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Aug 14 2009

Dependencies – A new one

Jamie Barrows

New iPhone
A few years ago I wrote a post on here about modern dependencies. In that post, I was referring to Internet access and how dependent I had become. And now I have yet another dependency that crept up on me when I wasn’t looking. And annoyingly it is one I should have seen coming. Especially since it is related to my previously mentioned Internet dependency.

I’m talking about my iPhone. Specifically the always on internet connectivity and email it gives me. So I guess the dependency is really a mobile internet dependency. The actual phone is not really the issue. Most likely any halfway decent smartphone would fill my new need. It just happens to be that the smartphone I have is an iPhone.

As with the Internet dependency, I feel cut off when I can’t get a decent connection. And old non-smartphones, that I previously would have been perfectly satisfied with, now feel excessively limited. All of the information and communication advantages of the Internet are now with me 24/7. And I’ve become used to having them around me all the time.

What brought this realization on, was buying a new phone for my wife. We went to the store and picked out a phone that was well rated and had a great looking design. It wasn’t a smartphone, but it was a highly advanced text messaging phone with a full keyboard and a touch screen. Just a few years ago I would have loved the phone. But my standards have changed since then, and what I expect from a phone is very different from what I expected then. So when we got it home, and started actually using it, we found it to be frustratingly limited. It had all the technical specs of a smartphone, and yet it had a crippled non-smartphone OS. Email was clunky, web browsing was limited, and there were no applications except the standard ones that were built into the phone. It just felt too limited. And that is when I realized that I could never go back to a “normal” phone.

The end result was that after keeping the phone for a week, we took it back and got a smartphone. And we are much happier than we ever were with the other phone.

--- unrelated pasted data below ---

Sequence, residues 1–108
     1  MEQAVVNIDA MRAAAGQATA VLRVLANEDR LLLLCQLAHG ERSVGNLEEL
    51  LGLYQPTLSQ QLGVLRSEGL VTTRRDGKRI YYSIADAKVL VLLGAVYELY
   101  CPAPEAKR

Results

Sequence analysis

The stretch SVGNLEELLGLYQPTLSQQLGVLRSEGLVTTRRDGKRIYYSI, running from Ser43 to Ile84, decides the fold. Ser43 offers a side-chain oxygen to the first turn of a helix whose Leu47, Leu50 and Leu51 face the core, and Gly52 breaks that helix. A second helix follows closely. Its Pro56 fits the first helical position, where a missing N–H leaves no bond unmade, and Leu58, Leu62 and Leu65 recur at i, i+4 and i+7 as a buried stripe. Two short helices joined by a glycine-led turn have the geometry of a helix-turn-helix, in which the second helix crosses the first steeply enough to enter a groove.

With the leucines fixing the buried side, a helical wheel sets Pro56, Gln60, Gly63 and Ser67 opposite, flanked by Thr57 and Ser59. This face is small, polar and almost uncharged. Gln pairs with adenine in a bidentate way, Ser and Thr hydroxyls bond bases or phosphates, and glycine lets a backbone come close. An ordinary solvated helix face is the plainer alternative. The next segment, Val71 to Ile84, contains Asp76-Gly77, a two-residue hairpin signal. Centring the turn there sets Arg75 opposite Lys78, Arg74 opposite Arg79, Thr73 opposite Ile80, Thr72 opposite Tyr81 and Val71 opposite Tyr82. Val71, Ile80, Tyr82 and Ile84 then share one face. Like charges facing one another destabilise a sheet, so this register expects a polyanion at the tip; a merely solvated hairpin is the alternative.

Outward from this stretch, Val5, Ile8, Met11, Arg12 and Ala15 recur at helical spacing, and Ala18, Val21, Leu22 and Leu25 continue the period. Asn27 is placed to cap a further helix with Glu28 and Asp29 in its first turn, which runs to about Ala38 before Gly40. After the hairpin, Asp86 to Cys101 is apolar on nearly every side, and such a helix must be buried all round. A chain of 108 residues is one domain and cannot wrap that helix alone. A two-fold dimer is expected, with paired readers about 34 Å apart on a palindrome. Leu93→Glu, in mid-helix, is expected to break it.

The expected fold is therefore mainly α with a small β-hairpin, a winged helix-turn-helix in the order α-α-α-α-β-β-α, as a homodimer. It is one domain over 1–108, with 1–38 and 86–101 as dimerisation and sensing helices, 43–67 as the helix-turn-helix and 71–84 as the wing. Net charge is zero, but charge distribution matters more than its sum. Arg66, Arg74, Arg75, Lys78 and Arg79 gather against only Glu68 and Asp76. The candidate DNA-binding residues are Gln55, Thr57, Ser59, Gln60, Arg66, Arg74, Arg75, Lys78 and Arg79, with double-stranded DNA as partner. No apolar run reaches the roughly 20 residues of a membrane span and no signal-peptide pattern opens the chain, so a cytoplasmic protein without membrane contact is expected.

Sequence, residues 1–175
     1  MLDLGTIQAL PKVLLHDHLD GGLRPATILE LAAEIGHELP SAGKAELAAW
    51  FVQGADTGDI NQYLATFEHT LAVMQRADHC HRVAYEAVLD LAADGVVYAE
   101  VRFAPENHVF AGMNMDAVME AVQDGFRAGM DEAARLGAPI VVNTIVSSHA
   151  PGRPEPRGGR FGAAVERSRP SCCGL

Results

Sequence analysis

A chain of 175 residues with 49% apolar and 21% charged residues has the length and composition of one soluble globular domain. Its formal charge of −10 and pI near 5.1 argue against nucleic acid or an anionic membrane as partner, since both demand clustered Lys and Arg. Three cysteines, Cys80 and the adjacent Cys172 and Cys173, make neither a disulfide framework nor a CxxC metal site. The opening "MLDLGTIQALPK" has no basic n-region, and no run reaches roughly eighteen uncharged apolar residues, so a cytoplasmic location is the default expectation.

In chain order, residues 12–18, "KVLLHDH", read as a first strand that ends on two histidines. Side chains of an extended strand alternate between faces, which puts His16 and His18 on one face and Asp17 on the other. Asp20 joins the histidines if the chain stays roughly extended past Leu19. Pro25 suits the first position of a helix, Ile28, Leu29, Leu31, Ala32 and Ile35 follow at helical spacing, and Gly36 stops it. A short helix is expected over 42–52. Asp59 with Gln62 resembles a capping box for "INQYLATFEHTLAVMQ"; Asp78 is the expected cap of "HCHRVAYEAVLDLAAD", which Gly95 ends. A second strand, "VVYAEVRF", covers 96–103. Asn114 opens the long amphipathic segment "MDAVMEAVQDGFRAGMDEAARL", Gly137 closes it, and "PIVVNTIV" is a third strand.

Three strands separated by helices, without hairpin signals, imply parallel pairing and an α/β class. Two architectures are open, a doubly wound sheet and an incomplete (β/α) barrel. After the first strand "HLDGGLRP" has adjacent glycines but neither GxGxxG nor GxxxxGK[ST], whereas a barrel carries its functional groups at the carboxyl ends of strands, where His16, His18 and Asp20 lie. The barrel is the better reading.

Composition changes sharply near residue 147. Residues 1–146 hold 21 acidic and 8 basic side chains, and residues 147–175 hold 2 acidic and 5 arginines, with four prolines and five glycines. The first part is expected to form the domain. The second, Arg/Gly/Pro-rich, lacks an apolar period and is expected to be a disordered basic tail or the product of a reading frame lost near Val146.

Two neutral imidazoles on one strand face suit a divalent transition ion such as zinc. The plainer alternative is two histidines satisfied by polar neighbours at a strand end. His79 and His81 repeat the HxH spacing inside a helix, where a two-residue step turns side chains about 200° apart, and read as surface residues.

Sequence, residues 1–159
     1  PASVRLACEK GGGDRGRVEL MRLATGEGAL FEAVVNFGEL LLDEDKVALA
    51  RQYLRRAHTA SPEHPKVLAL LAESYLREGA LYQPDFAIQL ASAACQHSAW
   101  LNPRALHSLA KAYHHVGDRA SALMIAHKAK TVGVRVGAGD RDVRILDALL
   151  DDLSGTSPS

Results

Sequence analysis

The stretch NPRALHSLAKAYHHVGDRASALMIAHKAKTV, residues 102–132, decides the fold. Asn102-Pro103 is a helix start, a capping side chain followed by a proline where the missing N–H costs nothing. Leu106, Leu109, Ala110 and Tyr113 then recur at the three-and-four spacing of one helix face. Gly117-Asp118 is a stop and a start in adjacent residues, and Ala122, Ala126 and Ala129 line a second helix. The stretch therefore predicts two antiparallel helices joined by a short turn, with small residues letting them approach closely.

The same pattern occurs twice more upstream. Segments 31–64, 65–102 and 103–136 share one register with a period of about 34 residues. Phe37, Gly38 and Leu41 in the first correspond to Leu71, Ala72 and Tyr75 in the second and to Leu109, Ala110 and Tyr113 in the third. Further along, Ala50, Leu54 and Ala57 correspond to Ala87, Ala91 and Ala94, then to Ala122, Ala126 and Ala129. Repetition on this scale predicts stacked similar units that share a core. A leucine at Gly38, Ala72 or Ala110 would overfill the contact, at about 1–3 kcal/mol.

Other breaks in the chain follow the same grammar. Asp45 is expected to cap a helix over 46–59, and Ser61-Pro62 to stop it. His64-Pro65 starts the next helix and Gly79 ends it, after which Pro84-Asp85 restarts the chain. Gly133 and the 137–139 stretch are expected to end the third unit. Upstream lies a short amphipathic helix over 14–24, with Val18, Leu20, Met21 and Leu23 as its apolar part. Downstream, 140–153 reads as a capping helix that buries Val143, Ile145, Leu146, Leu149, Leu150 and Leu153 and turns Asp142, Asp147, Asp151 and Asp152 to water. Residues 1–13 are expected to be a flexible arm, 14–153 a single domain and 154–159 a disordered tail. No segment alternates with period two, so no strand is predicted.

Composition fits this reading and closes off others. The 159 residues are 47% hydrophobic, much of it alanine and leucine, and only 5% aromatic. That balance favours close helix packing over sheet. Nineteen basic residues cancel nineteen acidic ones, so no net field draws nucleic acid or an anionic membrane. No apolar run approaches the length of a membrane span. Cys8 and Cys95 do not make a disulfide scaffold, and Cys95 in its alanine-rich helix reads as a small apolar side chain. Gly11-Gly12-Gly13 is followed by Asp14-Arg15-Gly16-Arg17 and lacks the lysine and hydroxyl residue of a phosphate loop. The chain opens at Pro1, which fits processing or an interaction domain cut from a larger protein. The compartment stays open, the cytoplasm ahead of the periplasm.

Jun 17 2009

The power of the social web

Jamie Barrows

I already posted this video in my twitter feed, but in light of the current happenings in Iran, I thought I would post it here as well. That way if you missed it in my twitter feed or if you don’t follow me on twitter you will still see it.
Watch this and you should get a better understanding of how powerful and revolutionary the social web (Twitter, Facebook, MySpace, Etc.) actually is.

This video really highlights why the social web is so disruptive and game changing for both governments and traditional news. The amazing thing is that you can see it happening right now with the Iran situation. If you really want to know what is going on in Iran, your best source for news is Twitter. And that news isn’t being generated by governments or by news organizations. It’s being generated by individuals who are directly involved.


Mar 10 2009

Finding things Out

Jamie Barrows

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I find that a great part of the information I have was acquired by looking up something and finding something else on the way.
Franklin P. Adams

Read the above quote the other day and thought it was particularly true in the Internet Age. How often do you go online to find a bit of info, only to learn 10 different things that you weren’t even looking for?